US and Pakistan discuss closed Nato route

Pakistani FM meets with senior US envoy over reopening US and Nato supply lines into Afghanistan.

Marc Grossman US special envoy for Pakistan-Afghanistan visits Pakistan
The meeting is seen as an opportunity to restart dialogue towards moving the supply routes [EPA]

A senior American envoy has met with Hina Rabbani Khar, the Pakistani foreign minister, in Islamabad, as part of efforts to get Pakistan to reopen US and NATO supply routes to Afghanistan.

Speaking to reporters after the meeting on Thursday, Marc Grossman, the US special envoy for Afghanistan and Pakistan, said the main purpose of his trip was to get the “ground lines of communications reopened”.

Grossman said he did not expect to receive an immediate commitment that the routes would reopen – but that “the task now is to begin a conversation about how to move forward”.

Islamabad shut the supply lines in November in protest against an inadvertent US air raid that killed 24 Pakistani troops.

Pakistan’s parliament has also demanded that Washington apologise for the border incident and halt attacks by drone aircraft against armed fighters in northwest Pakistan.

Grossman repeated earlier US statements of regret but did not apologise.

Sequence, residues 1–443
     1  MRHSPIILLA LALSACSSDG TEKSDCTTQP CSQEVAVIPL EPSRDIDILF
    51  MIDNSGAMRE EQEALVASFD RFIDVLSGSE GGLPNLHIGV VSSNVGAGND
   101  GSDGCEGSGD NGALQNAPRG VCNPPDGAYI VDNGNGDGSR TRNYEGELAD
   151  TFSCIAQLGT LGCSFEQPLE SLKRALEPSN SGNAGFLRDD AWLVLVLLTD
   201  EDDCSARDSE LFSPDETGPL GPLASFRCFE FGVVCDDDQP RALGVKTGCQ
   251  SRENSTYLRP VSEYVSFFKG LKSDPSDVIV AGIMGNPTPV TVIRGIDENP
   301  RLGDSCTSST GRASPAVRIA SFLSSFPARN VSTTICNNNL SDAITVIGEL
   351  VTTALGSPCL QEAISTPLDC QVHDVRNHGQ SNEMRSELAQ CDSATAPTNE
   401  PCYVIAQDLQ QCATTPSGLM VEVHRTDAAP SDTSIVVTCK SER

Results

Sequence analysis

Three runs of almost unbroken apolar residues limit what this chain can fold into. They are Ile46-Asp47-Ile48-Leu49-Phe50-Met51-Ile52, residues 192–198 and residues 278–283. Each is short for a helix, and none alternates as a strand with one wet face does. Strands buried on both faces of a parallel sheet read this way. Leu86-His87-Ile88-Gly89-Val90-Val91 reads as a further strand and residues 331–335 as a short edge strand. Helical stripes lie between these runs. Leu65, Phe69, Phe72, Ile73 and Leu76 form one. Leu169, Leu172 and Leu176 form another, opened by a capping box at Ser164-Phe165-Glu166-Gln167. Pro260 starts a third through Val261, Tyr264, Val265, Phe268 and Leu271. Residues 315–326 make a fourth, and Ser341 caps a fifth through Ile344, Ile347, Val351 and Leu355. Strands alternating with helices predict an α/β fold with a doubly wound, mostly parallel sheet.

Jalil Abbas Jilani, Pakistan’s foreign secretary, said Islamabad’s previous agreement with the US regarding the supply lines for NATO troops are no longer valid and that the two countries need to agree on a new arrangement.

Earlier this month, Pakistan’s parliament unanimously approved new guidelines – a decision that could pave the way for the reopening of supply lines to NATO troops in Afghanistan.

The guidelines call for NATO and the US to pay Pakistan more for the right to ship supplies across its soil and stipulate that no arms or ammunitions be transported.

Western forces have only ever trucked fuel and other nonfatal supplies across Pakistan because of the risk that they could fall into the hands of insurgents.

About 30 per cent of supplies used by NATO and US troops in landlocked Afghanistan are transported through Pakistan. 

Source: News Agencies